d. Improvements to and Connection to the Waterfront. A portion of the lower plaza and the continuation of the promenade paving pattern, at the base of the monumental stair, are within public space in order to provide a connection from M street to the waterfront. Developer will bear maintenance responsibility for the portion of these improvements that are outside of the property line.
e. LEED Qualification. Developer commits that the resulting PUD will achieve the equivalent of LEED Silver.
SE Freeway and the Cohen Siegel Site. Image from DC Office of Zoning records.
The Riverfront, a new 305-unit, mixed-use building, will bring residential, a new boardwalk section and retail to the Capitol Riverfront directly south of Nationals Stadium. MRP Residential and Florida Rock Properties, Inc. announced Tuesday that they secured $82 million in construction financing for the first phase of four-phase development along the Anacostia waterfront.
Construction began in the fourth quarter of 2014. Initial delivery is expected in summer 2016 with Phase 1 project completion anticipated in the fourth quarter of 2016.
The 281,050-square-foot high-rise multifamily project will bring 19,000 square feet of new ground -floor retail space and 40,000 square feet of open space, including a boardwalk with bike and pedestrian trails and a public plaza. The building will also boast a rooftop lounge, a media hub and an art gallery.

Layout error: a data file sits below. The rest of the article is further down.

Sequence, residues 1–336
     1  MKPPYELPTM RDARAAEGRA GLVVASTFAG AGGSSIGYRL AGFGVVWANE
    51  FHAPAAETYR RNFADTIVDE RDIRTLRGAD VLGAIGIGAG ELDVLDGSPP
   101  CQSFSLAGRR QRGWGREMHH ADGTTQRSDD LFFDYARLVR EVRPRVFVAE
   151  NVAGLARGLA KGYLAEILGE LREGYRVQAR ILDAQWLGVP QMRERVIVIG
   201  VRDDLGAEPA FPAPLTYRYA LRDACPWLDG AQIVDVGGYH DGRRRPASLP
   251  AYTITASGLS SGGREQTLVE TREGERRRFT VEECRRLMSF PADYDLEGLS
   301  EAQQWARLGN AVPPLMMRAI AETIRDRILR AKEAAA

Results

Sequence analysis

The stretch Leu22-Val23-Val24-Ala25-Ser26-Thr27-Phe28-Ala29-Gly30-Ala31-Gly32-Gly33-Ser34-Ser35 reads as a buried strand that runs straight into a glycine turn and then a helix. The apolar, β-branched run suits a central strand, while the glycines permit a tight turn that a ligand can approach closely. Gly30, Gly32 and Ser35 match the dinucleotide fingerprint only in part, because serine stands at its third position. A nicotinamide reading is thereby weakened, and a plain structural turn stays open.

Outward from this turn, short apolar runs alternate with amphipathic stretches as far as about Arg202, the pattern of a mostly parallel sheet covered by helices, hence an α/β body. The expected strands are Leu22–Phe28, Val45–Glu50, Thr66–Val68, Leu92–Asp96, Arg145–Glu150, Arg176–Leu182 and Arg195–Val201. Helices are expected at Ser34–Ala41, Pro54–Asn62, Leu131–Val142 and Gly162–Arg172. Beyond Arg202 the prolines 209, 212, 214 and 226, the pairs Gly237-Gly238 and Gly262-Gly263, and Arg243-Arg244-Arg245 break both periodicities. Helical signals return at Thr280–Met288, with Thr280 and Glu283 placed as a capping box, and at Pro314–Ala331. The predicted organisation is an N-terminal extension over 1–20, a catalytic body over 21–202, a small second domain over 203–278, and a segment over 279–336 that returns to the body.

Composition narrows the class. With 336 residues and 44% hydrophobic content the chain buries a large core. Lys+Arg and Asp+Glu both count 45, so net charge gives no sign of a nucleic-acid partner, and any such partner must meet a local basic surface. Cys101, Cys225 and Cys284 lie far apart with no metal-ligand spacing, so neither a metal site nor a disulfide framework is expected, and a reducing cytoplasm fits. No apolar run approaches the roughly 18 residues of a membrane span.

“This site is one of a few sites in the city that is highly accessible to the public with mixed-use open space located directly on the waterfront. We are thrilled to begin construction on the first phase with MRP Realty,” said David deVilliers, president of Florida Rock Properties, in a press release.
The entire 4-phase development area is bounded by Potomac Avenue, 1st Street, South Capitol Street and the Anacostia River.
Dacha beer garden proposal as of Nov. 15, 2014. Image Courtesy of Dacha Beer Garden and Foundry Architects.
When Dacha beer garden goes before the Historic Preservation Review Board (HPRB) in December, the Shaw business will have the support of Historic Preservation Office (HPO) staff for their proposed expansion into a neighboring property and creation of a new covered bar area to accompany the outdoor beer garden on the existing site.
Dacha went before HPRB a year ago with different plans that would have created a permanent structure on the current lot at 1600 7th St. NW. The new plans come about now that the owners have secured a long-term lease for the building next door at 1602 7th St. NW, currently home to China Express take out.
The new proposal includes creating a restaurant at 1602 7th St. NW. The historic structure will have its facade restored and then a new three-story rear addition will be added at the rear of the structure, adjacent to the current Dacha lot. The new addition will feature an elevated wood deck for outside table service that would be become a cover over the bar area below for the beer garden.